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Archived updates for Monday, February 07, 2005

The Mutual Destruction Scenario in U.S. Interference Proceedings

Matthew Kreeger and Rachel Krevans write that one of the most difficult strategic dilemmas arising during a U.S. patent interference proceeding occurs when a party is unable to make a reliable initial assessment of the likelihood that it will be able to prove it invented first:
This is often the case because, while both parties’ filing dates are known at the start of an interference and each party’s own actual conception and reduction-to-practice dates should be reasonably ascertainable by that party, each party may know little or nothing about its opponent’s conception and reduction-to-practice dates when it files its preliminary motions. It is also often the case that when a party assesses possible motions to attack the validity (patentability) of its opponent’s claims, it will realise that its own claims are vulnerable to the same challenges. In other words, a party may not be able to challenge the patentability of its opponent’s claims successfully without bringing its own claims down as well. And each party must decide what to do before knowing what motions, if any, its opponent is going to bring.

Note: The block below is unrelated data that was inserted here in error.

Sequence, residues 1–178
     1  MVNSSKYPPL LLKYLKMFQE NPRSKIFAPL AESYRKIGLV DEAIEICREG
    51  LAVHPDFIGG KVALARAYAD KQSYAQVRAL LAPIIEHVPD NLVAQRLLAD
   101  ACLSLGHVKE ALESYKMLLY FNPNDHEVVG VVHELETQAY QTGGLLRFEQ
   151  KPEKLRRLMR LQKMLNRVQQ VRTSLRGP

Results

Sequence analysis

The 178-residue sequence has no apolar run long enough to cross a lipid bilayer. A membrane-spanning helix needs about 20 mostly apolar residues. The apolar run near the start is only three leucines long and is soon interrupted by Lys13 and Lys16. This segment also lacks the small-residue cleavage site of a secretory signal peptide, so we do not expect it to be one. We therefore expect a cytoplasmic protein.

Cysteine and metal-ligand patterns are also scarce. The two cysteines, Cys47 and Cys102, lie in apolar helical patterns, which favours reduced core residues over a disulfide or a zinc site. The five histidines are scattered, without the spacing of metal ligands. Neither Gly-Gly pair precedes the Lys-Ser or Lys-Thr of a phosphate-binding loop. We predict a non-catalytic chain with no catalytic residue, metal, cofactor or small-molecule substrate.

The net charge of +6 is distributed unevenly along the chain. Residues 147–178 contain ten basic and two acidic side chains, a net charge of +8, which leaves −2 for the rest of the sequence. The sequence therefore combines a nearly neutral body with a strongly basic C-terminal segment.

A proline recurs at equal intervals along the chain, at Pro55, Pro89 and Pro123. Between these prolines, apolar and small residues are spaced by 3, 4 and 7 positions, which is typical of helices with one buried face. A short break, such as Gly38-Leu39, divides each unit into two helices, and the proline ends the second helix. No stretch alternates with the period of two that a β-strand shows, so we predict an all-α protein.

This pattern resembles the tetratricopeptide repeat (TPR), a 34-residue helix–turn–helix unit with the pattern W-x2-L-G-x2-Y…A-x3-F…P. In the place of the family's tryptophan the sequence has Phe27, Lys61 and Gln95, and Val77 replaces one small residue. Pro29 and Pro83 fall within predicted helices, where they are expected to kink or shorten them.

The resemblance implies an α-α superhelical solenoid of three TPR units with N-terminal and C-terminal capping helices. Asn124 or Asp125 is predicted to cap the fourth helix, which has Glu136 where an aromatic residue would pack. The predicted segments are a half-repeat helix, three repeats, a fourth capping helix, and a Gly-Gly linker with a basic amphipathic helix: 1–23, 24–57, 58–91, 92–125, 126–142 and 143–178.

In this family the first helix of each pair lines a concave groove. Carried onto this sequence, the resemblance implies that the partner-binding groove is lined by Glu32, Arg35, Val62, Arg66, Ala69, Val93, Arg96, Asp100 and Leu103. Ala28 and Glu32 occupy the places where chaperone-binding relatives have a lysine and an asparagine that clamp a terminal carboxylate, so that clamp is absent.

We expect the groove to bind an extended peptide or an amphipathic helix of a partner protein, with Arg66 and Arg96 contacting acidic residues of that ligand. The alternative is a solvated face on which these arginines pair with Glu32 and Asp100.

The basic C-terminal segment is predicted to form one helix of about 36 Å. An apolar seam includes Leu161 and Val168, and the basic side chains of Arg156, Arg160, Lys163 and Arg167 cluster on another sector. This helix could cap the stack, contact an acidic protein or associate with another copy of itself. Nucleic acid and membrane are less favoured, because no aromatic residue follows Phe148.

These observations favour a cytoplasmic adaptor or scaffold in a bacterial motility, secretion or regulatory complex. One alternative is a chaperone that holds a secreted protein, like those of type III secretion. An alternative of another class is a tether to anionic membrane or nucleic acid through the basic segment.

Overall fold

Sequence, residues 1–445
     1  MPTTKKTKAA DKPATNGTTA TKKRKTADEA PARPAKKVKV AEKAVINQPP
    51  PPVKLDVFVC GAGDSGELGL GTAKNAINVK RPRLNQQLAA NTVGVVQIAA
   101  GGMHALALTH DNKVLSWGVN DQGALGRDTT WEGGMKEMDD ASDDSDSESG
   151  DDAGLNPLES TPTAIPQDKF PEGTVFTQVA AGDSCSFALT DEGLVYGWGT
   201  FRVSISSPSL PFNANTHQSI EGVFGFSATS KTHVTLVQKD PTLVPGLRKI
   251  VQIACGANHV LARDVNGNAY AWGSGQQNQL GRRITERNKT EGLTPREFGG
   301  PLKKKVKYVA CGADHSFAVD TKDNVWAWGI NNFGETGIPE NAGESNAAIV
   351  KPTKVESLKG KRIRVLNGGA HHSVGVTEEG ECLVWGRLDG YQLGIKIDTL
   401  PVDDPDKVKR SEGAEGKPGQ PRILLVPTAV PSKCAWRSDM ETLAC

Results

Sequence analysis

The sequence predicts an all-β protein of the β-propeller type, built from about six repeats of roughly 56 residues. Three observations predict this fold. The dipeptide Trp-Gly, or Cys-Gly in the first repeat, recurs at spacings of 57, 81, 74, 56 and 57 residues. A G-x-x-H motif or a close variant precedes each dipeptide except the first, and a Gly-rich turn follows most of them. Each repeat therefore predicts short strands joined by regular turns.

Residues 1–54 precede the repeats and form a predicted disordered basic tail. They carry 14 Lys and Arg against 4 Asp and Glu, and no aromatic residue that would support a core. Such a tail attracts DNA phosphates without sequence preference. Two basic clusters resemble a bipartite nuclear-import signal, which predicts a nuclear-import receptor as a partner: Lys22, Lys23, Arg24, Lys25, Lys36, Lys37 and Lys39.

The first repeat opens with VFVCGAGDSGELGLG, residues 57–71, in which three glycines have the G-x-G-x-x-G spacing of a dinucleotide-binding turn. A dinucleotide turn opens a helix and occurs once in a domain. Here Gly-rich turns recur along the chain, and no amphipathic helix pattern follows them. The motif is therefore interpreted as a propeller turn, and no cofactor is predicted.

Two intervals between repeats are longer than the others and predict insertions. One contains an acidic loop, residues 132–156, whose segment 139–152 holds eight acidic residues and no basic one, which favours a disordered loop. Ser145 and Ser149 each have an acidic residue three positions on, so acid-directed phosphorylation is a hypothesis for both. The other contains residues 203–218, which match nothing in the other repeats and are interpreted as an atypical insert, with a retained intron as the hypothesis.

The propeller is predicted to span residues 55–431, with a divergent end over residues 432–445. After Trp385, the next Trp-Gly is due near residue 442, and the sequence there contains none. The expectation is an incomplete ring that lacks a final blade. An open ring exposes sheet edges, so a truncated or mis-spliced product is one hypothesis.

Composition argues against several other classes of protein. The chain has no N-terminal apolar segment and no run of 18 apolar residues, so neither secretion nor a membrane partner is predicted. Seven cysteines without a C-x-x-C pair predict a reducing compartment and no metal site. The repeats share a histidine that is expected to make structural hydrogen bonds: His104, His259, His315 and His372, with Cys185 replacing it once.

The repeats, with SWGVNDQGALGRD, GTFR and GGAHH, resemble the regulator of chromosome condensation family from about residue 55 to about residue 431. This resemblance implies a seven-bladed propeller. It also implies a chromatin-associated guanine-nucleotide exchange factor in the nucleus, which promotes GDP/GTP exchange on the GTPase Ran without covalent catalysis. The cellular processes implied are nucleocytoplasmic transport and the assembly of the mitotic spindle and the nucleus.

Regardless of this possiblility of mutual destruction, the authors write that interferences proceedings can provide certain advantages:

Unlike infringement litigation in the federal district courts, during an interference there is no presumption of validity that must be overcome in order to invalidate an opponent’s patent claims. Interferences are tried at the outset before the PTO, before administrative law judges who have substantial familiarity with legal and technical issues important to patent disputes.

There is also the possibility of obtaining de novo review via litigation in the federal courts.
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